Invasive Species Compendium

Detailed coverage of invasive species threatening livelihoods and the environment worldwide

Abstract

Sugarcane resistance to the sugarcane borer: response to infestation among progeny derived from resistant and susceptible parents.

Abstract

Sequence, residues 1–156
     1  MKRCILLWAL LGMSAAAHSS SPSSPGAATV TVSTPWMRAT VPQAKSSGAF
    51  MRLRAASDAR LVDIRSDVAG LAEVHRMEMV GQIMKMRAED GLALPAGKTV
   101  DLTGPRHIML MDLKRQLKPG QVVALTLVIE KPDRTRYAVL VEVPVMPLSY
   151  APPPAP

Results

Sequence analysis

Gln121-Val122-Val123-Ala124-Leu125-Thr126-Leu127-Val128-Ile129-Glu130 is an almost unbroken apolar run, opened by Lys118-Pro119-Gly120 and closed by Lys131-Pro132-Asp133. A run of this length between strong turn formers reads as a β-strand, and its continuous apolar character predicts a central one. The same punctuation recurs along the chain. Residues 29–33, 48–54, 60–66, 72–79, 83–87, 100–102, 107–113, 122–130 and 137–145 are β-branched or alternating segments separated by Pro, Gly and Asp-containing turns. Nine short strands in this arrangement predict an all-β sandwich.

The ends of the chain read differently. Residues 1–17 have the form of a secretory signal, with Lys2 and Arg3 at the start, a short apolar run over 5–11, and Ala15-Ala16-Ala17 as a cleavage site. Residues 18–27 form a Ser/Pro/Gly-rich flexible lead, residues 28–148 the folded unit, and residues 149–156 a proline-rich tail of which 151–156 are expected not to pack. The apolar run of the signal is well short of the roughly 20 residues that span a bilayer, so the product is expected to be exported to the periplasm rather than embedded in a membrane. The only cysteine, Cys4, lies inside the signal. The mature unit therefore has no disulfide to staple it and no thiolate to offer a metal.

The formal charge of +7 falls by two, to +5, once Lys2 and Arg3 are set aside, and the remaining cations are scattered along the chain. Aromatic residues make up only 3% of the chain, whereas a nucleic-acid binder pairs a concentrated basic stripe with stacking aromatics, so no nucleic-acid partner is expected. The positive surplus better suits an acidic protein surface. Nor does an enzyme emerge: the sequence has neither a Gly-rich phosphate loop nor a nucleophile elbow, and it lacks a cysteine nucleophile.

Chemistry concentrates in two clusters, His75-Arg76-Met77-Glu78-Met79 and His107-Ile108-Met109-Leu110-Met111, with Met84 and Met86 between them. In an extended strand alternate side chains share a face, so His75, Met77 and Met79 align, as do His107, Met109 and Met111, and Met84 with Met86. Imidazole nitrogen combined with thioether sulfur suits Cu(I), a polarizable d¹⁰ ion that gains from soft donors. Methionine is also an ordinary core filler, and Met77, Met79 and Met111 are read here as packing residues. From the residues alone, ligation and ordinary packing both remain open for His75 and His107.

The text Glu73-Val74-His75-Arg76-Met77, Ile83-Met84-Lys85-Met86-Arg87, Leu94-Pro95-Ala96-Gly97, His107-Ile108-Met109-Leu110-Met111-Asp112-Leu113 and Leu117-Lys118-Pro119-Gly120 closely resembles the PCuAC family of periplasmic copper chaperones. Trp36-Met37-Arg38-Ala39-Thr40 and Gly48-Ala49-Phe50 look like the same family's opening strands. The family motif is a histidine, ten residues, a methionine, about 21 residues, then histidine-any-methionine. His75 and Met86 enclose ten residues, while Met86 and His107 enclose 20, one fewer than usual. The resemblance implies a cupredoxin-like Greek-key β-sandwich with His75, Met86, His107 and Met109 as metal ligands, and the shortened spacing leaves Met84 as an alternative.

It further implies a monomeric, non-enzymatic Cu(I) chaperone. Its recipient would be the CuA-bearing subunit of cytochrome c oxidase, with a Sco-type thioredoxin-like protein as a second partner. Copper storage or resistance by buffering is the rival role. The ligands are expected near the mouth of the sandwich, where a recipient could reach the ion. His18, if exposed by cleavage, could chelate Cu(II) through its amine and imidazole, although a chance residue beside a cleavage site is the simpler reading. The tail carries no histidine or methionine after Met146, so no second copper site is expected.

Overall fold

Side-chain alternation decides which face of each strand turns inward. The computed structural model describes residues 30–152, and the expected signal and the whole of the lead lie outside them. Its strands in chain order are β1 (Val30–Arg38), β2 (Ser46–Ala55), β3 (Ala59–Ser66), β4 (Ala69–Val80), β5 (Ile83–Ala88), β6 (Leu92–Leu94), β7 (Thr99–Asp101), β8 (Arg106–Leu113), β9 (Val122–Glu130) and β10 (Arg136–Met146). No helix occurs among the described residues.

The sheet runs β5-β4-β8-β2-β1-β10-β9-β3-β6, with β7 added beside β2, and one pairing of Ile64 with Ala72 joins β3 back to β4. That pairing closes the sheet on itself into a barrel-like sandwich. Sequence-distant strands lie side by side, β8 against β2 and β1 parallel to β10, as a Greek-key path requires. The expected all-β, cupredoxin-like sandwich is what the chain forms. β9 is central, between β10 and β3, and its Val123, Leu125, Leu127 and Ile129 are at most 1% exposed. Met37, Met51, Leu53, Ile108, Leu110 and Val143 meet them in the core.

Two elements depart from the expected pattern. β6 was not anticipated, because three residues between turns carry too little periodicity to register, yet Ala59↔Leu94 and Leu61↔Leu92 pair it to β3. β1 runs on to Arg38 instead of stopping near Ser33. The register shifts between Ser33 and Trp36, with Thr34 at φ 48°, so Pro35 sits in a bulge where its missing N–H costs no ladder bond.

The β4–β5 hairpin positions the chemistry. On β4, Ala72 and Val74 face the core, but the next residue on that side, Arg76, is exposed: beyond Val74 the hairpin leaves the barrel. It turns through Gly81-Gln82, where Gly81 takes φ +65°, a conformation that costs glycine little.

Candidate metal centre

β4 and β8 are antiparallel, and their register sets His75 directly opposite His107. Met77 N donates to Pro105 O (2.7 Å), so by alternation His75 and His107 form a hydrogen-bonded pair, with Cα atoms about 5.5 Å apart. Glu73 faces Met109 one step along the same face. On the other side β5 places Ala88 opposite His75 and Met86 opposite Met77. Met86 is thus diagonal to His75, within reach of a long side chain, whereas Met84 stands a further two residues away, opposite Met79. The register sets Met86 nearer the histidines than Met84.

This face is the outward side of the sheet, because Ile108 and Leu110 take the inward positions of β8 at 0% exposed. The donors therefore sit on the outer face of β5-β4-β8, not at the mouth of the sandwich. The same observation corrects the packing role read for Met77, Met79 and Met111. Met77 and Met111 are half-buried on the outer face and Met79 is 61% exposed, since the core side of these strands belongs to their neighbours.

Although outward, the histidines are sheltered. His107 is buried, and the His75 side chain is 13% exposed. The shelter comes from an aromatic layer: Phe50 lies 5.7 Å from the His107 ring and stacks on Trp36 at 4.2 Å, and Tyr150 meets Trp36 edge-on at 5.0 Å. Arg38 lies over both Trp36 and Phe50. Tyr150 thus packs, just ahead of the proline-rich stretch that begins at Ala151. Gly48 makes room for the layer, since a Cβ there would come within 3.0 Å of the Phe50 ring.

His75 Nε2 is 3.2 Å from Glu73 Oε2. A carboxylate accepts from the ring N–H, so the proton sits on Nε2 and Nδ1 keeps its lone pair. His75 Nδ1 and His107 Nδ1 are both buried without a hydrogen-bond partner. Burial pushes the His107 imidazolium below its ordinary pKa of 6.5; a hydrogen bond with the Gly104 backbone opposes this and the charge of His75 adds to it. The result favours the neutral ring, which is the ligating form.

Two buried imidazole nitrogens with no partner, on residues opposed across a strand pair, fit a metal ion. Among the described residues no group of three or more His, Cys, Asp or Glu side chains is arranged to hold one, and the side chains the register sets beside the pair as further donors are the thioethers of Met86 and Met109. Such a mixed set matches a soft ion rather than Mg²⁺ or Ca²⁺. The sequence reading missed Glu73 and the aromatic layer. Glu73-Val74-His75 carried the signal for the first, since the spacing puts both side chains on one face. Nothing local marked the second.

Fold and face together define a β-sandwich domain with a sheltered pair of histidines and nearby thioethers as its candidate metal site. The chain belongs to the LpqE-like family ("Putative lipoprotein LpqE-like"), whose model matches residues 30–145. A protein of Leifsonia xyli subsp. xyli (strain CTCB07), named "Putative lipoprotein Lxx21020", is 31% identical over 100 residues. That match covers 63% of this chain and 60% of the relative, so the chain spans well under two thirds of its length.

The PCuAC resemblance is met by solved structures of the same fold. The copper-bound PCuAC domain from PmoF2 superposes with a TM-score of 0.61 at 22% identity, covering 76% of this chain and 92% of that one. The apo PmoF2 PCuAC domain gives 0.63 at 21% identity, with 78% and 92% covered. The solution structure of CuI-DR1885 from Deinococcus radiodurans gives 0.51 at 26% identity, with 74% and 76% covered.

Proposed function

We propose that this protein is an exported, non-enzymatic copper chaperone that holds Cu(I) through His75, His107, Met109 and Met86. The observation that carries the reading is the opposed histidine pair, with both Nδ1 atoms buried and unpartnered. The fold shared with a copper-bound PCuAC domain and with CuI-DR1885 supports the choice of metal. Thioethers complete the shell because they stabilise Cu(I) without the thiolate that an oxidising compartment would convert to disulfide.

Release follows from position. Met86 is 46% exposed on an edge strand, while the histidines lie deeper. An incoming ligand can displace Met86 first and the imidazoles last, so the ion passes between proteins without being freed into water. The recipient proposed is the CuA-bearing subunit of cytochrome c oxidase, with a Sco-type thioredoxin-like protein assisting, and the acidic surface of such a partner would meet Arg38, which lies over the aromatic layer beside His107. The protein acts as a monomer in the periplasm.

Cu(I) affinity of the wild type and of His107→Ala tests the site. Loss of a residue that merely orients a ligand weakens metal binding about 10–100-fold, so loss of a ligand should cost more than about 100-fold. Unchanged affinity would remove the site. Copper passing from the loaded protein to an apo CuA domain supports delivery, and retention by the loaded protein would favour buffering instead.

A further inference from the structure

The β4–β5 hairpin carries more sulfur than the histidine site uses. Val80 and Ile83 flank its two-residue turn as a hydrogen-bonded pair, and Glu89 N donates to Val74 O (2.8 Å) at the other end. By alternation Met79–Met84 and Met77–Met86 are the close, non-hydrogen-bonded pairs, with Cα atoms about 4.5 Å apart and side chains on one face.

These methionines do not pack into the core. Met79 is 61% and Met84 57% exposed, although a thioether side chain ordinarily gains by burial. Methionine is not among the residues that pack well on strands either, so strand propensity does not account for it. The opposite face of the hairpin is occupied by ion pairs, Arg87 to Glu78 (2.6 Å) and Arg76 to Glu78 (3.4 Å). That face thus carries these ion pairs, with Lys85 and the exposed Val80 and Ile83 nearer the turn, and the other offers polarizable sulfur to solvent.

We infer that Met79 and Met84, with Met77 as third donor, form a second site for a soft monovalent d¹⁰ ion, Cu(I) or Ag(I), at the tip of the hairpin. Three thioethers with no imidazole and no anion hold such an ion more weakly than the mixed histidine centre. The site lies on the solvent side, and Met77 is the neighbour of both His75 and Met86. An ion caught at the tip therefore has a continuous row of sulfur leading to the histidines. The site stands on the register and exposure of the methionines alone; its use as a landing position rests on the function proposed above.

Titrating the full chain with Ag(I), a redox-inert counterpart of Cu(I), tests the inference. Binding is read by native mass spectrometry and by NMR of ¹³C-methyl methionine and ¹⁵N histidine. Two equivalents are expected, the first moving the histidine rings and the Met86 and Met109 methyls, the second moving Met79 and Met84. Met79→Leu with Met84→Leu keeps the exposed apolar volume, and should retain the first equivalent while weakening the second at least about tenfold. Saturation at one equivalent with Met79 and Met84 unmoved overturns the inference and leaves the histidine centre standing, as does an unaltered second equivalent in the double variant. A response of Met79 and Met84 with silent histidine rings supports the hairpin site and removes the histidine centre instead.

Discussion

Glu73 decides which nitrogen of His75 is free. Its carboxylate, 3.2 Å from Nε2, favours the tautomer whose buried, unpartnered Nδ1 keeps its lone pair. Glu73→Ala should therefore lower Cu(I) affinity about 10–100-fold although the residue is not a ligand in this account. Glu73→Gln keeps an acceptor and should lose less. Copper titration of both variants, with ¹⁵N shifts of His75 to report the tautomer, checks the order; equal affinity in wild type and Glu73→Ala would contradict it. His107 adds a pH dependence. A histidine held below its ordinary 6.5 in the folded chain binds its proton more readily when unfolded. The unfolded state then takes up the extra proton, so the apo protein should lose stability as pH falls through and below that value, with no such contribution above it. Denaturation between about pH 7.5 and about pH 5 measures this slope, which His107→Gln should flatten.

The sugarcane borer (SCB), Diatraea saccharalis (F.), is the most important insect pest of sugarcane (Saccharum spp.) in Louisiana. The deployment of SCB-resistant cultivars is an integral part of the integrated pest management approach to minimizing injury from SCB infestation. Our objective was to evaluate the response to infestation among sugarcane progeny derived from SCB resistant (R) and susceptible (S) parents. SCB resistance was measured, as percent borer-damaged internodes, among progeny from 13 bi-parental crosses in the plant-cane (1998) and first-ratoon cane (1999) crop years and the Best Linear Unbiased Prediction (BLUP) effect for each cross was estimated. Significant BLUP estimates (i.e., BLUP<0 at the 0.05 level) were found for the same set of crosses in both crop years. These crosses had at least one resistant parent whereas none of the S Ă— S crosses could be categorized as resistant. Results as to whether the resistant parent should be used as a male or female were inconsistent probably reflecting the complex contribution and interaction of several mechanisms that govern resistance of sugarcane to the SCB. Progeny mean BLUP estimates in the two crop years were highly correlated despite the large disparity in the level of borer infestation in the 2 crop years (Mean: 20.4% in 1998 and 6.4% in 1999). In both crop years, the genetic variation and genetic coefficient of variation among crosses were smaller compared with those within crosses. These results indicate that, population-wide SCB resistance could be reliably increased by diligently selecting and crossing among the most resistant parents and then focusing selection on progeny within those crosses.